The Double Dual of a Vector Space is nothing more than the orginal VS?

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Summary:

Mathematically, for finite dimensional vector spaces, there is a natural isomorphism between a vector space V and its Double Dual V**. Does this men that V** is always the original V ? Or simply that V** is a vector space with the same properties or structure as V ?

Main Question or Discussion Point

Hi

I believe I understand the concept of a vector space V and its dual V*. I also understand that for V finite dimensional, there is a natural isomorphism between V and V**.

What I am struggling to understand is - Does this natural isomorphism mean that V** is always IDENTICAL to V (identical meaning it IS V) ? In other words have you come right back to the original vector space V ?

In the book General Relativity (by Robert M Wald) he writes the following (page 20) - "Thus taking the double dual gives nothing new. We can naturally identify V** with the original vector space V. This identification will be assumed in the discussion below".

Is this always the case or is he just assuming this is the case in his particular context ?

Thank you !
 

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  • #2
PeterDonis
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Does this natural isomorphism mean that V** is always IDENTICAL to V (identical meaning it IS V) ?
I'm not sure this question is answerable, because I'm not sure there is any meaningful difference between the statements "the double dual IS V" and "the double dual is isomorphic to V" in the general case.
 
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Hi

Thanks for your response. My problem is the same as yours. As I understand the mathematical term is "isomorphic" but is this the sae as the english phrase "identical to or the same as ?". I know the english phrase is imprecise while mathematics is very precise.
 
  • #4
George Jones
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Some isomorphisms between vector spaces depend on a choice of basis, e.g., between a finite-dimensional space (with no other structure) and its dual. There is a natural, i.e., basis-independent, isomorphism between a finite-dimensional vector space and its double dual.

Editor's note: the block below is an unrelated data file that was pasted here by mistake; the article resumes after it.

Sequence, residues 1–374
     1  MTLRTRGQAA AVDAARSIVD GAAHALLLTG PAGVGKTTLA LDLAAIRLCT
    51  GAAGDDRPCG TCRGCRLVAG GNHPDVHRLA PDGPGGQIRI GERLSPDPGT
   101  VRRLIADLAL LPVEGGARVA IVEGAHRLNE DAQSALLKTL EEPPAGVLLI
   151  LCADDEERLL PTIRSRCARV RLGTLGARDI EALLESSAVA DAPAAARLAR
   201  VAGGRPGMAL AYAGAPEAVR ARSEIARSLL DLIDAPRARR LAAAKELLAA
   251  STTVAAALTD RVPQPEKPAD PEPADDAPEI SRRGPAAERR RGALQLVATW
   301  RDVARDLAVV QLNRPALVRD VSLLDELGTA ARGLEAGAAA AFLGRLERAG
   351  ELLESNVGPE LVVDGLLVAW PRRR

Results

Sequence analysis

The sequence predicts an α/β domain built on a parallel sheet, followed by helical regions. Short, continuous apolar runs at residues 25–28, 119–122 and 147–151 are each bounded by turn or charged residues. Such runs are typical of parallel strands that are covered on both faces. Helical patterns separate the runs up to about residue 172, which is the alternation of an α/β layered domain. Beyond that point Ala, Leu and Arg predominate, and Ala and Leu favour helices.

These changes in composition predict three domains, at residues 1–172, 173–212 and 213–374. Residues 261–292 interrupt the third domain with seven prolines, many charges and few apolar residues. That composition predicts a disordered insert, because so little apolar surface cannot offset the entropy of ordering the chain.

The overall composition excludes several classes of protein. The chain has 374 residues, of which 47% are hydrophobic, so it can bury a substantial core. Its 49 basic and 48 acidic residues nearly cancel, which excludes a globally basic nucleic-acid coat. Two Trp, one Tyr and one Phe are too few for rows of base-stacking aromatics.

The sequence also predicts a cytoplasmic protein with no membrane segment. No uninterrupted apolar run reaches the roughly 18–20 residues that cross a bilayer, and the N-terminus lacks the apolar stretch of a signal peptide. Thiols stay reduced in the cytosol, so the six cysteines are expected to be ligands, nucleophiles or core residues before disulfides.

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Thank you

Yes I understand the relation between V and V* being dependent upon the Basis. If I have a finite dimensional vector space V and its Double Dual V** is it always the case that these two vector spaces are one and the same OR is it possible that they have the same structure (whatever that may mean mathematically) but could be two vector spaces V and (for example) a vector space Y ?
 
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PeterDonis
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is it possible that they have the same structure (whatever that may mean mathematically) but could be two vector spaces V and (for example) a vector space Y ?
I don't think the distinction you are making here is meaningful. The structure of a vector space is what defines it, so I don't think the notion of "two different vector spaces with exactly the same structure" makes sense.
 
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I think I should relook at my understanding of what a vector space is ?
 
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PeterDonis
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I think I should relook at my understanding of what a vector space is ?
Wald gives a definition in his book, doesn't he?
 
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I was thinking to read his definition. I only just received a copy of Wald and have not yet read through it other than finding and reading the following

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vanhees71
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It's the old question whether you consider realizations of isomorphic mathematical structures as the same or not. E.g. you can realize a 2D real vector space as arrows on an affine plane, ordered pairs of real numbers, the solutions of a 2nd order ODE, the set of real Fibonacci sequences and for sure many more "things". Up to isomorphisms they all form 2D real vector spaces, and in fact you only need to understand the one abstract 2D vector space without any such representation. It's often simpler to first analyze the properties of the abstract mathematical entity and then make use of the theorems to the properties of the very different representations of this entity. In this sense there's only one 2D real vector space with a plethora of quite different realizations.